I had my first employee last year, what do I have to do now?

By Randall Orser | Personal Income Tax

payroll summaryYou took the plunge last year and hired your first employee. You’ve been diligent in getting his paycheques out and ensuring the monthly payroll remittance was paid on time. Now we’re into a new calendar year, so what’s next? You have to file the T4s for your company based on what you paid the employee last year.

Generally, you need to complete a T4 slip if you are an employer and you paid your employees’ employment income, commissions, taxable allowances and benefits, fishing income, or any other remuneration. If you had someone do some odd jobs for you and it was less than $500 for the year, then you won’t have to file a T4.

Guidelines for completing T4 slips

  • Complete the slips clearly.
  • Report, in dollars and cents, all amounts you paid during the year, except pension adjustment amounts, which are reported in dollars only.
  • Report all amounts in Canadian dollars, even if they were paid in another currency.
  • Do not enter hyphens or dashes between numbers or names.
  • Do not enter the dollar sign ($).
  • Do not show negative dollar amounts on slips; to make changes to previous years, send us amended slips for the years in question.
  • If you do not have to enter an amount in a box, do not enter “nil” – leave the box blank.
  • Do not change the headings of any of the boxes.

Distributing T4s to Employees

You must give employees their T4 slips on or before the last day of February following the calendar year to which the slips apply. If you do not, you may be subject to a penalty. The penalty for failing to distribute T4 slips to recipients is $25 per day for each such failure with a minimum penalty of $100 and a maximum of $2,500.

Give the employee one of the following:

  • Two copies, sent by mail to their last known address;
  • Two copies, delivered in person; or
    • One copy distributed electronically (for example, by email) if you have received the employee’s consent in writing or electronic format.

I suggest that you print the two T4 slips that you have to give to each employee on one sheet. For security purposes, do not print your payroll account number (box 54) on these copies. If T4 slips are returned as undeliverable, I suggest that you retain the slips with the employee’s file.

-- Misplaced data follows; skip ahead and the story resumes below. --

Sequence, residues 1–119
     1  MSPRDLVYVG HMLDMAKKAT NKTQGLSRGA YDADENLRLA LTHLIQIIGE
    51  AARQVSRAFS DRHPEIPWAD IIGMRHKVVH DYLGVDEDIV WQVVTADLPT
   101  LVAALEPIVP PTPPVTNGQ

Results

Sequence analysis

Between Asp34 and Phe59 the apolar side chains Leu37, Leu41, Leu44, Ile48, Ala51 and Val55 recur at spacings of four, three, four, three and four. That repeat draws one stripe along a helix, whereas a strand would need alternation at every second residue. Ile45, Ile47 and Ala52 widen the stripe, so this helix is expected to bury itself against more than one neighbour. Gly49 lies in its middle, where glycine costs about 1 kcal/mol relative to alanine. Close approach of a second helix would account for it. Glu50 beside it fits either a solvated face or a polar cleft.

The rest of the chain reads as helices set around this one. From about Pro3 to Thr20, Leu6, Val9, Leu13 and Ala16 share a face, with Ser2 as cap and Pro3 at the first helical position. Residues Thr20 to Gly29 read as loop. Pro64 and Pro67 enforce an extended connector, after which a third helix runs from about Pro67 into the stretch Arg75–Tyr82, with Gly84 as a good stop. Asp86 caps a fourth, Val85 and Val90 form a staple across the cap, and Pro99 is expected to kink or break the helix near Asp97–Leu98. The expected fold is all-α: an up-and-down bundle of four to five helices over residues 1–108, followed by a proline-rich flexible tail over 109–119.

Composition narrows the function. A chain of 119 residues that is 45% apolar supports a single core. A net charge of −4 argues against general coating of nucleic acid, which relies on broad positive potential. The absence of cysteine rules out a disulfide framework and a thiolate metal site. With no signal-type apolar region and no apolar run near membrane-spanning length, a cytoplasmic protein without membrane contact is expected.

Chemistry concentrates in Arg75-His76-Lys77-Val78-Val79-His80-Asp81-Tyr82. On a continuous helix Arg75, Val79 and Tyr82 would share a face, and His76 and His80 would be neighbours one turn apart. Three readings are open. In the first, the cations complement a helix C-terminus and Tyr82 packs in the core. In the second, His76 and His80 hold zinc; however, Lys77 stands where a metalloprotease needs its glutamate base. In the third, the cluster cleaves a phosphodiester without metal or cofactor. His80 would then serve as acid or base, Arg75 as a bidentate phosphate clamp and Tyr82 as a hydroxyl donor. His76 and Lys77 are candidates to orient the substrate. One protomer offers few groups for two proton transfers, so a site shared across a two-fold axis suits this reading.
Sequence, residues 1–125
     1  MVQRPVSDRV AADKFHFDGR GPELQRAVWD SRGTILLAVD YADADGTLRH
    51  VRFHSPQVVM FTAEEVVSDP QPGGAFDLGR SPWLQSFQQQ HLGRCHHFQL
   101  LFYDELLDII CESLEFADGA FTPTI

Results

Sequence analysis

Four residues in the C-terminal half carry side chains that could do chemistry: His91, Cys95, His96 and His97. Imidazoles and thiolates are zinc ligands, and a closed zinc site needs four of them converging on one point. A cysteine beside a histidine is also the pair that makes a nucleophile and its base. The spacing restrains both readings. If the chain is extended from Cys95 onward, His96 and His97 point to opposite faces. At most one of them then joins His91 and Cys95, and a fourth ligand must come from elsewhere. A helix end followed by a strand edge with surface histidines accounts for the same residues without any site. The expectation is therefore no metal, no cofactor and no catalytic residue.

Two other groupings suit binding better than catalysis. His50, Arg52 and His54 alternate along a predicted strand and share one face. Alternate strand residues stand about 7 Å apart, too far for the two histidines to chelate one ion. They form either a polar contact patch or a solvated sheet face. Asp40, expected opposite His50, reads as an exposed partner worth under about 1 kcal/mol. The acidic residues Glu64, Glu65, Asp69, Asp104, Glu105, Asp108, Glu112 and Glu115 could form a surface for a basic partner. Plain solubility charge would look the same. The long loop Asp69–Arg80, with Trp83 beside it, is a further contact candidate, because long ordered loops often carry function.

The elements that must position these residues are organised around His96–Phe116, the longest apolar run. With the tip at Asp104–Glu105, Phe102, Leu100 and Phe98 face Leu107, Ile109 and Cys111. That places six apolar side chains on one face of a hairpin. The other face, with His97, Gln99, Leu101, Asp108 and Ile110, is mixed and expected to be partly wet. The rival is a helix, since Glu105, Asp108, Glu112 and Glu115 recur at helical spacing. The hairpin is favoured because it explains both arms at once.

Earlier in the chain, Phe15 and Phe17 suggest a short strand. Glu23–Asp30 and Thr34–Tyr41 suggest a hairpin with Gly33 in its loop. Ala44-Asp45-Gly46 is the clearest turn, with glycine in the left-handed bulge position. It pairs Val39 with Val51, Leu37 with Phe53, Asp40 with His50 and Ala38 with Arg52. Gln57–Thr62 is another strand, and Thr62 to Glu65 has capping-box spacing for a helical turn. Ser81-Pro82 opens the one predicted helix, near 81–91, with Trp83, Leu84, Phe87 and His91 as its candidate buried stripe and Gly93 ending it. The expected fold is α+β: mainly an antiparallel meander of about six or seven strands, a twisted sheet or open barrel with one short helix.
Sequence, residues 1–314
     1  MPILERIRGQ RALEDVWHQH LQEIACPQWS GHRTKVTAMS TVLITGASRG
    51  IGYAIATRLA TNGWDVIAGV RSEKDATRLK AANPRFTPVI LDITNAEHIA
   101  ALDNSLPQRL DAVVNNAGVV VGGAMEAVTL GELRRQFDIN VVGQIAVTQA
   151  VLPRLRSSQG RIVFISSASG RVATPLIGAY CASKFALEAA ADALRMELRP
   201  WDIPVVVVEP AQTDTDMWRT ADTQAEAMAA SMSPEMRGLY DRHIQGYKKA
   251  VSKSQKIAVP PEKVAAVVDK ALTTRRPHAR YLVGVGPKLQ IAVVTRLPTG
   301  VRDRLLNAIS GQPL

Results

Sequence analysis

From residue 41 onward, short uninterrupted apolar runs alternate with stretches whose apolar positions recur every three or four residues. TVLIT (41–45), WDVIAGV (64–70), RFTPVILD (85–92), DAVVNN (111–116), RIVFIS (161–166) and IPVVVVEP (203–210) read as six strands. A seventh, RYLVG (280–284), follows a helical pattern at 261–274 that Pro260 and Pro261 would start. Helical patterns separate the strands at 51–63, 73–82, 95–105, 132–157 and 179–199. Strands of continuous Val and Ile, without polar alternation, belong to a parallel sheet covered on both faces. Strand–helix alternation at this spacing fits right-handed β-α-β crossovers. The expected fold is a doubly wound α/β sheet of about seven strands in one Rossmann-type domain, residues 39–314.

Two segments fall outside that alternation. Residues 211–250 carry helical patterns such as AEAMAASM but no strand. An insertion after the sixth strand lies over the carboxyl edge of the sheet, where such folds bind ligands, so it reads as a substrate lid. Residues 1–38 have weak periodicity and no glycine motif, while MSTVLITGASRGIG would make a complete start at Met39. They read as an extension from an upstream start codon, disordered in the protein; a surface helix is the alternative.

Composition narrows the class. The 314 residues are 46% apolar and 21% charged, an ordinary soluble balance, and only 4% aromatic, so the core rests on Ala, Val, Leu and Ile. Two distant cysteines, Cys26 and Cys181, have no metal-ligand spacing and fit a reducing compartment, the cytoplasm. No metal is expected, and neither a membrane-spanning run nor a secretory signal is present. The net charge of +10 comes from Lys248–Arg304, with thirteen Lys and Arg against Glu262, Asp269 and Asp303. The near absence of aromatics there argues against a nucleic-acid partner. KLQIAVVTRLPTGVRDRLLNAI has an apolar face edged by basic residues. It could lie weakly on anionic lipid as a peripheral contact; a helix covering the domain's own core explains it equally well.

T4 Summary

You also have to file a T4 Summary, even if it’s only one slip. The Summary states the total employment income, Canada Pension Plan (employee & employer), Employment Insurance (employee & employer) and income tax deducted from the employee during the calendar year.

You also state what you remitted during the year to Canada Revenue Agency. If there is a difference between what you remitted and what the actual deductions were, then you must pay the balance owing when you file the T4 and summary. You will more than likely get a penalty and interest for not filing during the year properly.

How do I file with Canada Revenue Agency?

Canada Revenue Agency does prefer you to file your T4 and summary electronically. If you have over 50 slips then you must file electronically.

Sage 50 and QuickBooks allow you to file via their software; however, you must be on the latest version and subscribed to their payroll updates. This is the best way if you have more 5 employees. Your bookkeeper or accountant can also help with filing your T4s.

If you’re using a payroll service, such as Ceridian or ADP then they’ll file them for you.

If you just have a few slips then you can use CRA’s Web Forms service. I wouldn’t do more than 5 using this feature, as it can be pretty tedious.

Once the year is done you now have to give your employee his/her T4 and then file the same with CRA. It’s always a good idea to get this done as soon as you can after the calendar year ends; though not too soon in case there are adjustments you need to make for taxable benefits and such.

About the Author

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